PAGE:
visual processing

Visual Processing Problems (Visual Perceptual Problems)

What is a visual processing problem?

The ability to analyze and interpret visual input is sometimes referred to as visual processing or visual perception skills. This is an important aspect of vision, particularly for children in the first through fifth grades.

Just because a child can see clearly and comfortably does not guarantee that he or she well be able to make use of the incoming visual information. Visual processing can be broken down into several areas:

  • Visual sequential processing
  • Visual simultaneous processing
  • Laterality and directionality
  • Visual motor integration
  • Auditory/Visual integration
  • Visual form recognition

These skills are important when a child is young and is learning letter and number recognition, reading and early math skills. Visual processing skills develop in most children without the need for any special attention or intervention. However, in some children the development of visual processing skills does not keep pace with the child’s growth in other areas. This lag can lead to learning difficulties.

What types of visual processing problems can occur?

When a child has developmental lags in the area of visual processing it can result in a variety of difficulties:

  • Reading comprehension
  • Spelling
  • Mathematical concepts
  • Map/graphs interpretation
  • Right/left confusion
  • Visual memory
  • Discriminating words/objects
  • Poor handwriting

What should I do if I suspect that my child has a visual processing problem?

If a child is experiencing any of the problems listed above, a visual processing examination is recommended. This is a special examination which usually lasts about one and a half hours and probes the areas listed above. Testing leads to a better understanding as to which areas may be attributing to learning difficulties.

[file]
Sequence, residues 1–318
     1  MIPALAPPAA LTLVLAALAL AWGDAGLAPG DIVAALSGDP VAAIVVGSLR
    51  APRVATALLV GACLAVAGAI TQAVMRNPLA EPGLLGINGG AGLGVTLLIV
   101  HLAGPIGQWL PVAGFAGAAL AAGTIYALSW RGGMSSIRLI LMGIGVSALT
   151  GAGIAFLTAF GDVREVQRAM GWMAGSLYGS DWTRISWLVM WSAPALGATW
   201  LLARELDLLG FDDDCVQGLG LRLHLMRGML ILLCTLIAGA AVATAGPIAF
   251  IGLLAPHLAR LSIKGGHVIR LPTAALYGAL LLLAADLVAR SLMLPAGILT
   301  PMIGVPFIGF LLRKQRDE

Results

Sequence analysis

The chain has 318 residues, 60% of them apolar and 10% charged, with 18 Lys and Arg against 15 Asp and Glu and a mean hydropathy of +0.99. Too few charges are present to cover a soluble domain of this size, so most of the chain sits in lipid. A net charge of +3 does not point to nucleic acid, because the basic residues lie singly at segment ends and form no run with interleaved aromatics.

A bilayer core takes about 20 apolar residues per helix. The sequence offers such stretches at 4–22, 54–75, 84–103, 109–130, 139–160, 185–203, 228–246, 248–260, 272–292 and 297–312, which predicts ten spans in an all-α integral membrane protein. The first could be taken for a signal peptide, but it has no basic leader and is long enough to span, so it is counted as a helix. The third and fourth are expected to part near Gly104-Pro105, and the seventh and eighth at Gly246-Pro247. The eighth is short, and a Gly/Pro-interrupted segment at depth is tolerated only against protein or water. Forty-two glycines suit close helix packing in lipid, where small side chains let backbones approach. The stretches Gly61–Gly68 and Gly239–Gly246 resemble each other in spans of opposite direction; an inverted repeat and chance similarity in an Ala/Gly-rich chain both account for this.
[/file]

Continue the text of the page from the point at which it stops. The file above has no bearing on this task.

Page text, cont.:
It is important to emphasize that it is not enough to have a conventional vision examination. The doctor must administer tests that specifically probe for visual processing and perceptual problems. This should be discussed with the vision doctor before an appointment is made.

How common are visual processing problems?

Approximately fifteen to twenty percent of children with learning problems have visual processing problems that are significant enough to interfere with school performance.

How are visual processing problems treated?

Eyeglasses alone will not correct visual processing problems. Rather, another form of treatment must be used. This is referred to as VISION THERAPY.

Perceptual therapy is a treatment approach that involves weekly office visits. During these visits, carefully selected and sequenced activities are given to the patient. The treatment is specifically designed to help the child reach his or her normal level of development in the visual processing skills that are found to be deficient. The success of vision therapy has been well-documented in scientific literature.

Will vision therapy alone eliminate the child’s learning problems?

Visual processing deficiencies can contribute to a learning disability. Therefore, improvements in visual skills can result in better learning efficiency and concentration and better enable the child to benefit from mainstream or remedial education. In many cases, the child may require additional educational support to overcome reading, math or other academic problems. The combination of vision therapy and educational remediation will often lead to the best overall result. Occasionally, counseling may also be helpful in solving the child’s learning problems

Vision Therapy can be the answer to many visual problems! Don’t hesitate to contact our office with your questions. To read definitions of Vision Therapy by outside sources, visit children-special-needs.org.